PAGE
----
The Steel Inventor, 36 F.2d 399 (S.D.N.Y. 1929)

US District Court for the Southern District of New York - 36 F.2d 399 (S.D.N.Y. 1929)
September 27, 1929

36 F.2d 399 (1929)


District Court, S. D. New York.

September 27, 1929.

*400 Haight, Smith, Griffin & Deming, of New York City (John W. Griffin, of New York City, of counsel), for petitioner.

Charles H. Tuttle, U. S. Atty., and Horace M. Gray, Sp. Asst. U. S. Atty., both of New York City, for petitioner.

Kirlin, Campbell, Hickox, Keating & McGrann, of New York City (Wm. H. McGrann, of New York City, of counsel), for claimant.

COXE, District Judge.

The Steel Inventor ended her voyage at Balboa on February 27, 1921, and was valued by the commissioner for limitation purposes at $422,235, being at the rate of $45 for 9,383 dead weight tons. This valuation was arrived at on conflicting evidence, and is amply supported by the testimony. I find no error in the method of valuation adopted by the commissioner, as clearly the world market for merchant vessels of the type of the Steel Inventor had a very great effect on values of American tonnage during the latter part of 1921. There was little demand for either American or foreign merchant vessels at that time, and I do not believe it would have been possible to place a fair value on the Steel Inventor for the period in question without taking into consideration the world market as reflected by actual sales of similar vessels made at or about that time. I think, too, the Commissioner was right in disregarding book value and reconstruction cost, even though it appeared that the Steel Inventor had been delivered only about four months previously at a cost of $1,272,587.59. The case of Standard Oil Company v. Southern Pacific Company, 268 U.S. 146, 45 S. Ct. 465, 69 L. Ed. 890, cited by the government, holds only that the cost of reconstruction is some evidence which may properly be considered on the question of value. This case, however, does not go so far as to hold that reconstruction cost is the only, or even the determining, criterion of value; and where, as in a case of this kind, it is established that reconstruction cost is out of all proportion to market value, it is quite proper to disregard such evidence entirely. The exceptions by the government to the finding on the sound value of the Steel Inventor are therefore overruled.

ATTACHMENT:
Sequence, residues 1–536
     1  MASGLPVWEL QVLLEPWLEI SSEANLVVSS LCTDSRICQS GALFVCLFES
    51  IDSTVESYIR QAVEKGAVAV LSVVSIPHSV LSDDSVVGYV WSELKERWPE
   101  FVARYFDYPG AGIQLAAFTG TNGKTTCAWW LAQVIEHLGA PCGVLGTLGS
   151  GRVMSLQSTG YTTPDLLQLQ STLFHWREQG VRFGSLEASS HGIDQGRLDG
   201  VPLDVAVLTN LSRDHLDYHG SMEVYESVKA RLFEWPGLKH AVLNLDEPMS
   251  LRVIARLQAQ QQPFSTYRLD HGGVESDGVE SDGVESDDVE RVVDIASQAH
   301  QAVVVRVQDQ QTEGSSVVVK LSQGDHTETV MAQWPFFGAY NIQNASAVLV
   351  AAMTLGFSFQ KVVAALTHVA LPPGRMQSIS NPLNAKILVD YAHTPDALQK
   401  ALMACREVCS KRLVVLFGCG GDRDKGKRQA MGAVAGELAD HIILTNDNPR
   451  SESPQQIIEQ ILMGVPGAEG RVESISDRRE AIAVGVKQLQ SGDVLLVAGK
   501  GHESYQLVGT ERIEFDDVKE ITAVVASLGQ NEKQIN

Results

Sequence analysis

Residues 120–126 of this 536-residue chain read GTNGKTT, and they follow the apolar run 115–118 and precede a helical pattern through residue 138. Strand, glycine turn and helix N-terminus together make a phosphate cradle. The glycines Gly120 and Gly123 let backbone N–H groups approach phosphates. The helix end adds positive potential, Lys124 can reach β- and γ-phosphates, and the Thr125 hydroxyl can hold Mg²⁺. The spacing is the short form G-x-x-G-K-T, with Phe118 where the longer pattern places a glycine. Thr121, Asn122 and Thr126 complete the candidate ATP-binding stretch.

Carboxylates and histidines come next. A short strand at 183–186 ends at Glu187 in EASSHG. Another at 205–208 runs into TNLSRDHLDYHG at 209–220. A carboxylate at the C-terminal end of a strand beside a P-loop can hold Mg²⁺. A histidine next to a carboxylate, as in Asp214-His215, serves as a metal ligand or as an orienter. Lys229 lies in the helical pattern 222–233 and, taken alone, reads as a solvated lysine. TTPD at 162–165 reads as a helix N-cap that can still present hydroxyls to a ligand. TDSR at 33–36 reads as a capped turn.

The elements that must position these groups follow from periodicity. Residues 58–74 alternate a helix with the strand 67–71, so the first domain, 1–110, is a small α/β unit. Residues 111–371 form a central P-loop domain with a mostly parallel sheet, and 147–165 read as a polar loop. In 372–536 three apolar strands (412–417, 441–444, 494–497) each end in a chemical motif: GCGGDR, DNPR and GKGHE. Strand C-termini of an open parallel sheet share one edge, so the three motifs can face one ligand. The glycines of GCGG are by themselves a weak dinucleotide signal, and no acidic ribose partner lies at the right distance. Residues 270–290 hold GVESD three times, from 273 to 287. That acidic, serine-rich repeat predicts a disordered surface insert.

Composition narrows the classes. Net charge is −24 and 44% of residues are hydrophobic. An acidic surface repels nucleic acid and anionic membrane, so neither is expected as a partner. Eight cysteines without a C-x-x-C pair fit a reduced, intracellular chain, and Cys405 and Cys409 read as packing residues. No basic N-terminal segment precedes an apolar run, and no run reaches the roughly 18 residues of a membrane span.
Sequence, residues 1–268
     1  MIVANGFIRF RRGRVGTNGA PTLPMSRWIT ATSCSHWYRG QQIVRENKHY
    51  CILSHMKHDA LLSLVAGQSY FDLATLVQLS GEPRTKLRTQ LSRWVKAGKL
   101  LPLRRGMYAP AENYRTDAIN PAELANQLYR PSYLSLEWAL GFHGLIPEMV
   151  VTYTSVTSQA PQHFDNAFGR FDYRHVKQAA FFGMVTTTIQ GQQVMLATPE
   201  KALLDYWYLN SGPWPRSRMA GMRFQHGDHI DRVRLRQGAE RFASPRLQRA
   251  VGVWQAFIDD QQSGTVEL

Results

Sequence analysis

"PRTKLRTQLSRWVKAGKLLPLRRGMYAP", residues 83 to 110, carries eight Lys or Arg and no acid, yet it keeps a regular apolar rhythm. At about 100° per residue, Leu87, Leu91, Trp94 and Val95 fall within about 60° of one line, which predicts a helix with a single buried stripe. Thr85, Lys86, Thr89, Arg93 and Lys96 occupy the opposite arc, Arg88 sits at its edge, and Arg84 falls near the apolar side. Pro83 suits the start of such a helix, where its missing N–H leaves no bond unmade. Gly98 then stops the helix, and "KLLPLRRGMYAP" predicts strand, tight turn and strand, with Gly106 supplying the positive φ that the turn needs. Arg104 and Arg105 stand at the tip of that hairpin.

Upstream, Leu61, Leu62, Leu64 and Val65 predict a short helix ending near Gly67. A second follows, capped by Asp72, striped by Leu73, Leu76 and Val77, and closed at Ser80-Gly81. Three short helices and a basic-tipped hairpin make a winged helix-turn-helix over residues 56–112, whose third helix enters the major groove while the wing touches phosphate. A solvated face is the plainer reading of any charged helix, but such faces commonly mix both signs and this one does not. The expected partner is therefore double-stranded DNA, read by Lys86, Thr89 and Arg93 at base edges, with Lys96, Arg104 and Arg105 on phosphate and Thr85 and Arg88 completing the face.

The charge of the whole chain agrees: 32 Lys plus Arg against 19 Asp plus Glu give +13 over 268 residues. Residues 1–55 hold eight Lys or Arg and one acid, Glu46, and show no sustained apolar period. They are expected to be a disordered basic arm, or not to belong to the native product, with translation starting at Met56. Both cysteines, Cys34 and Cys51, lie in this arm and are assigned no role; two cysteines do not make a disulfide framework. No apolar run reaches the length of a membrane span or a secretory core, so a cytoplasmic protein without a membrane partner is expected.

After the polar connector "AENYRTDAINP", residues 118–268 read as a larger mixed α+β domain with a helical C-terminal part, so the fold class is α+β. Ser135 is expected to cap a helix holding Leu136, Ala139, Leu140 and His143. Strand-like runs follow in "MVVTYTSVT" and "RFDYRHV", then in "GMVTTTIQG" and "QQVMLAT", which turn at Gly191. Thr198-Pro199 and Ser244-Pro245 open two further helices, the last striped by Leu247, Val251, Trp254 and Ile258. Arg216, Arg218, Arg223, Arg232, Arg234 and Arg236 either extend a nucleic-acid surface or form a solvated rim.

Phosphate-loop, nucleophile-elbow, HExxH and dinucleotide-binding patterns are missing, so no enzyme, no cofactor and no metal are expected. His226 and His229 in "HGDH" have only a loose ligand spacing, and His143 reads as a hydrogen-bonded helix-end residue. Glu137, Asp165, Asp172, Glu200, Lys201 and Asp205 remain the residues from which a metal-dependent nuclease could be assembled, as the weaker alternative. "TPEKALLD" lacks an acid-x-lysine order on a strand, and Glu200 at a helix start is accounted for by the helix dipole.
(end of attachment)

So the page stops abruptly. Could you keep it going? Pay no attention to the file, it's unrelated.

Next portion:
The commissioner refused to allow as deductions from sound value of the Steel Inventor three items shown in the stipulation marked "Petitioner's Exhibit 6," namely:

  Insurance .......................... $5,143 73
  General Overhead ...................  1,503 19
  Routine repairs ....................    435 00
                                       $7,081 92

These same items were also disallowed as items of damage to the Steel Inventor, as found in article II of the commissioner's report.

The disallowance of these items was proper under the authorities cited by the commissioner, and the petitioner's exceptions with respect to them are therefore overruled.